Most of the work we do is for people who aren’t in our own backyard — it’d be nice not to have to get on a plane just to meet a client. It’s tough, especially having two young kids, so we’ve started to focus more on what we think the community might want and that’s why we’ve started planning a strategy that doesn’t necessarily have to do with international growth. It’s more focused on helping companies develop their own strategies to move forward.

How would you describe the business climate here?

I would say it’s getting better. There are certain things that are still kind of in a stalled pattern but I really liked what Phil Lane [a local businessman, actively involved in Colorado Springs civic efforts] said at an event a few weeks ago: “For the first time in 20 years, I feel like Colorado Springs is open for business.” People are looking for how they are going to grow their business, not how it’s going to survive. If you can transition out of survival mode, that tends to mean you’re doing some things right and part of that ‘something right’ is the Colorado Springs community right now.

How can Colorado Springs retain more young professionals?

I think the No. 1 thing is creating the right jobs here. If we build them, young professionals will come. I think there are people in Colorado Springs doing some really good things in the community to make that happen. Also, salaries are a big deal. I still see people in Colorado Springs paying very much below the average salary because they can. But if you want to start attracting people from the outside, you’re going to have to rise to meet a standard wage from the outside. If you want to have that higher growth potential, you might have to pay extra for it.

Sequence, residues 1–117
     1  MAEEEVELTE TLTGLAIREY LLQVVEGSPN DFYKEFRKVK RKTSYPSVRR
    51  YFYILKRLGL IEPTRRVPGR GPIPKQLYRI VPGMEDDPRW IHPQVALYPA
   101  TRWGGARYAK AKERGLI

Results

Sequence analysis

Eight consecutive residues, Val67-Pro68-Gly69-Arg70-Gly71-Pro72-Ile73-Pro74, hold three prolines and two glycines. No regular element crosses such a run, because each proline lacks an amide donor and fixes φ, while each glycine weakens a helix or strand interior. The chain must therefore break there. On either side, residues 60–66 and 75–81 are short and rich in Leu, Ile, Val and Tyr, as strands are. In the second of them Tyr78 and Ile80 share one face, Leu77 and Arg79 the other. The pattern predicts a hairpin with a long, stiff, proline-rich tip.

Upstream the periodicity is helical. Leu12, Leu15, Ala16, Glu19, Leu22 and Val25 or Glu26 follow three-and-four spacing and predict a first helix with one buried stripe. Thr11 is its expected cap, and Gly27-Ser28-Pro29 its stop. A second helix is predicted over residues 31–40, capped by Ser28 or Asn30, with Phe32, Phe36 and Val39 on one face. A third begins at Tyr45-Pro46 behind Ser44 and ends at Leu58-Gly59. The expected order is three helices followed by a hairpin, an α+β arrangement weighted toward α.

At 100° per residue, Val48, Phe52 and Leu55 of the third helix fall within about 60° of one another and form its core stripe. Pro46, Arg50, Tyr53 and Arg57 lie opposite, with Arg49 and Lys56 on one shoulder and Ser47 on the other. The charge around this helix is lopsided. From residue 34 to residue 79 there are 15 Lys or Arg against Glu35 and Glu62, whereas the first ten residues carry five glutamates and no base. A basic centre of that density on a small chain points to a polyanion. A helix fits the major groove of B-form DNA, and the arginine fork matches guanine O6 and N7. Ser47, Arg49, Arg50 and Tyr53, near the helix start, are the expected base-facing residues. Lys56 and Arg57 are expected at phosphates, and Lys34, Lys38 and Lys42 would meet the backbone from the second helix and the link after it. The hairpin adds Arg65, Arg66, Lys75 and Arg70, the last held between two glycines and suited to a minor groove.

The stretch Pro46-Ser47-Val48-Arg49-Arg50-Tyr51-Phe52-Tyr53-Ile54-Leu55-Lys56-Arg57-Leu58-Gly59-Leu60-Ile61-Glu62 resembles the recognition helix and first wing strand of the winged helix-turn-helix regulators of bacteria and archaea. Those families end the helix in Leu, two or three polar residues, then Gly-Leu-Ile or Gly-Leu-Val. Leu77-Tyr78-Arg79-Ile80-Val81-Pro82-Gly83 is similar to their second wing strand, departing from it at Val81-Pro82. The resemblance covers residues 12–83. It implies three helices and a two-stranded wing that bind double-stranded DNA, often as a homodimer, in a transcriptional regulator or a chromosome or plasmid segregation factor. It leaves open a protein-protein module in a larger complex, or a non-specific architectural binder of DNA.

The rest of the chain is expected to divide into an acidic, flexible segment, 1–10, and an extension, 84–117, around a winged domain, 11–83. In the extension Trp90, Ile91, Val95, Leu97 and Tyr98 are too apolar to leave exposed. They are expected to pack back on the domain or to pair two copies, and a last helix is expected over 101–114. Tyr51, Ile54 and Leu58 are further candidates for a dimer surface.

What is your key advice to young professionals in the community?

Become a better part of the community. Don’t silo yourself in and try to make it on your own. There are a lot of very experienced and intelligent people in this community, and I always try to make it a goal to surround myself with people smarter than I am. There is always someone out there who has experienced what you’re going through, so why not try to learn from them and use their experience to your advantage?

What is a good first step to getting more involved?

Accountants and law firms are a great source. They tend to know everyone in the community and know who knows what. An accountant doesn’t tend to just fill in your tax forms at the end of the year — they get to know you as a business. If you’re telling them what your needs are in one area, they’ll be able to tell you who can fill those needs. There are some great law and accounting firms in Colorado Springs with great people who work at them.

Do you have any other advice? 

My dad instilled this in me when I was young: There are two things that lead to success, one being intelligence and two being hard work. You can only control one of those.

You’re born as smart as you are but you can always work harder. If you really want to start your own business, hard work tends to be the No. 1 way to lead to success.